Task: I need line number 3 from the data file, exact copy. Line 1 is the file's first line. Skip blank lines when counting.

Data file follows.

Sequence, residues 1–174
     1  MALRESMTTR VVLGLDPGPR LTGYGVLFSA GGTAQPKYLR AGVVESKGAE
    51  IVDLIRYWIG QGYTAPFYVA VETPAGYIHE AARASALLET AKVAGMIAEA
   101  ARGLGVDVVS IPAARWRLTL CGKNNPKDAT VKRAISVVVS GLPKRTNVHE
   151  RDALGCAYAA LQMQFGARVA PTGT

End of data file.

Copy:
    51  IVDLIRYWIG QGYTAPFYVA VETPAGYIHE AARASALLET AKVAGMIAEA